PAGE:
Their work also yielded smaller revelations: how the missiles were kept mobile and transported from structure to structure, as well as tantalizing images and accounts of a “missile train” and disguised passenger rail cars to move China’s long-range missiles.
To facilitate the work, Karber set up research rooms for the students at his home in Great Falls. He bought Apple computers and large flat-screen monitors for their video work and obtained small research grants for those who wanted to work through the summer. When work ran late, many crashed in his basement’s spare room.
“I got fat working on this thing because I didn’t go to the gym anymore. It was that intense,” said Yarosh, who has continued on the project this year not for credit but purely as a hobby. “It’s not the typical college course. Dr. Karber just tells you the objective and gives you total freedom to figure out how to get there. That level of trust can be liberating.”
Some of the biggest breakthroughs came after members of Karber’s team used personal connections in China to obtain a 400-page manual produced by the Second Artillery and usually available only to China’s military personnel.
Another source of insight was a pair of semi-fictionalized TV series chronicling the lives of Second Artillery soldiers.
The plots were often overwrought with melodrama — one series centers on a brigade commander who struggles to whip his slipshod unit into shape while juggling relationship problems with his glamorous Olympic-swim-coach girlfriend. But they also included surprisingly accurate depictions of artillery units’ procedures that lined up perfectly with the military manual and other documents.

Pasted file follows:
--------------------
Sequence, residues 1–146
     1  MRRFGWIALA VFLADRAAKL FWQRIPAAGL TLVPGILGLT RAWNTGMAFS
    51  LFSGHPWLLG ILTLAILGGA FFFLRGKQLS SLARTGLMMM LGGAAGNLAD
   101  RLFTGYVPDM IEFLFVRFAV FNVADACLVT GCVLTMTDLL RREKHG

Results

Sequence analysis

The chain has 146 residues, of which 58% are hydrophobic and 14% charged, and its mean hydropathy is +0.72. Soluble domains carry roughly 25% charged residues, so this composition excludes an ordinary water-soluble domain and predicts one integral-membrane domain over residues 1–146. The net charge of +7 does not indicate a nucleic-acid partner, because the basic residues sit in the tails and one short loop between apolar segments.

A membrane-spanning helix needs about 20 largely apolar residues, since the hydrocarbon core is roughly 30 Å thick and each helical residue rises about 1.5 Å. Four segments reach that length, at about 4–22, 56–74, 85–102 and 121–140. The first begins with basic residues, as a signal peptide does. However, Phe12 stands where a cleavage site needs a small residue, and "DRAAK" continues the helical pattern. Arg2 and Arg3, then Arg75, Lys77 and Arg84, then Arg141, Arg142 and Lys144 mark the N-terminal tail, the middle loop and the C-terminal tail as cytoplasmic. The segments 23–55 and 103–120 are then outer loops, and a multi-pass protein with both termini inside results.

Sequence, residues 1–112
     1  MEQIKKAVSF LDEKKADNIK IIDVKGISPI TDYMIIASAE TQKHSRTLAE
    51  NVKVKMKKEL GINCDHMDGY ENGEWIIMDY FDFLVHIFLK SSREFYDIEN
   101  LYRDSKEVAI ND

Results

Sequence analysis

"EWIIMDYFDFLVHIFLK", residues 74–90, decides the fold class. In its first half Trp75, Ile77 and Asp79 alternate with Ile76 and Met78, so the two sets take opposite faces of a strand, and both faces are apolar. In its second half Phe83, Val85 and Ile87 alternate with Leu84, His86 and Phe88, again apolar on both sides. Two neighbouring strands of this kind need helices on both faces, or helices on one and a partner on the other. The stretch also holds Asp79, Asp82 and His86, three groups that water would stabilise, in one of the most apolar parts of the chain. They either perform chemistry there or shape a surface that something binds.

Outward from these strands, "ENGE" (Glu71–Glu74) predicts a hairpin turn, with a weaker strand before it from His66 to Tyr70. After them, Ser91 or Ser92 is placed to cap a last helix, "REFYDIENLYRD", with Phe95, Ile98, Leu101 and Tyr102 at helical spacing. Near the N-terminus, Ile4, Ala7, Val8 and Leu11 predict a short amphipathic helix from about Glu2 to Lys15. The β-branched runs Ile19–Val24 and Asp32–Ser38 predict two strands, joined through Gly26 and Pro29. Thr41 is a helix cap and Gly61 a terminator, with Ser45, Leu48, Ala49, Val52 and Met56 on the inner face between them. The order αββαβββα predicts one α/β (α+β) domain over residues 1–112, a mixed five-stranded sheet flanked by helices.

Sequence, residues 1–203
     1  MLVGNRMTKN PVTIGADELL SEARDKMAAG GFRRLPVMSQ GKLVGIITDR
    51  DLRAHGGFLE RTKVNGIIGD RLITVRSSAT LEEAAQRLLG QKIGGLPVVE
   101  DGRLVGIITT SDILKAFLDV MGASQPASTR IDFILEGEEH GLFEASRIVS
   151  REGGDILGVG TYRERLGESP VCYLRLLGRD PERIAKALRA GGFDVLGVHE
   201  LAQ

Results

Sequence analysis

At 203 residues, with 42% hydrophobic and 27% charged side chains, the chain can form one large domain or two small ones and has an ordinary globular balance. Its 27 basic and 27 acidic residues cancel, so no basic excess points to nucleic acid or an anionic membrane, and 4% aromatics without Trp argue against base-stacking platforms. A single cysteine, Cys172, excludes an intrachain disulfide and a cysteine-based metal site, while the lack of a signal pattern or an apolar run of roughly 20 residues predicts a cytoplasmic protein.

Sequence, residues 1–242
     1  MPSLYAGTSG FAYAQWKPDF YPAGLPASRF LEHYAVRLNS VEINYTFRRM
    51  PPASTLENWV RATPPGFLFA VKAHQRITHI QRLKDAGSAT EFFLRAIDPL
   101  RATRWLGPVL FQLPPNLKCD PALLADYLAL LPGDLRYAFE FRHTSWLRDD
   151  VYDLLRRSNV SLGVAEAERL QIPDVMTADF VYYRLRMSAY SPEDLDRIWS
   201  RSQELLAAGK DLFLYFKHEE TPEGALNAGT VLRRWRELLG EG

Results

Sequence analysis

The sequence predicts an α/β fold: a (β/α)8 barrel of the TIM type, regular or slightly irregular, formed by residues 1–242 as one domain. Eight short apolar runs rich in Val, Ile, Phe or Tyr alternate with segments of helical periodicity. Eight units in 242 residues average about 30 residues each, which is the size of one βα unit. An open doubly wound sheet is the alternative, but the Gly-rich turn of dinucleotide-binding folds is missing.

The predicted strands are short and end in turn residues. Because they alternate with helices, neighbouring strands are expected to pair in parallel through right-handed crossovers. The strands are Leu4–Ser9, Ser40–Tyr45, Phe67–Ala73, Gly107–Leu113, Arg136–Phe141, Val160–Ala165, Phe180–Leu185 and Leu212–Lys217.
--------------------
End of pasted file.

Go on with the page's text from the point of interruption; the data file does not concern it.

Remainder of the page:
“Until someone showed us on screen how exactly these missile deployments were done from the tunnels, we only had disparate pieces. The TV shows gave us the big picture of how it all worked together,” Karber said.
A bigger Chinese arsenal?
In December 2009, just as the students began making progress, the Chinese military admitted for the first time that the Second Artillery had indeed been building a network of tunnels. According to a report by state-run CCTV, China had more than 3,000 miles of tunnels — roughly the distance between Boston and San Francisco — including deep underground bases that could withstand multiple nuclear attacks.
The news shocked Karber and his team. It confirmed the direction of their research, but it also highlighted how little attention the tunnels were garnering outside East Asia.
The lack of interest, particularly in the U.S. media, demonstrated China’s unique position in the world of nuclear arms.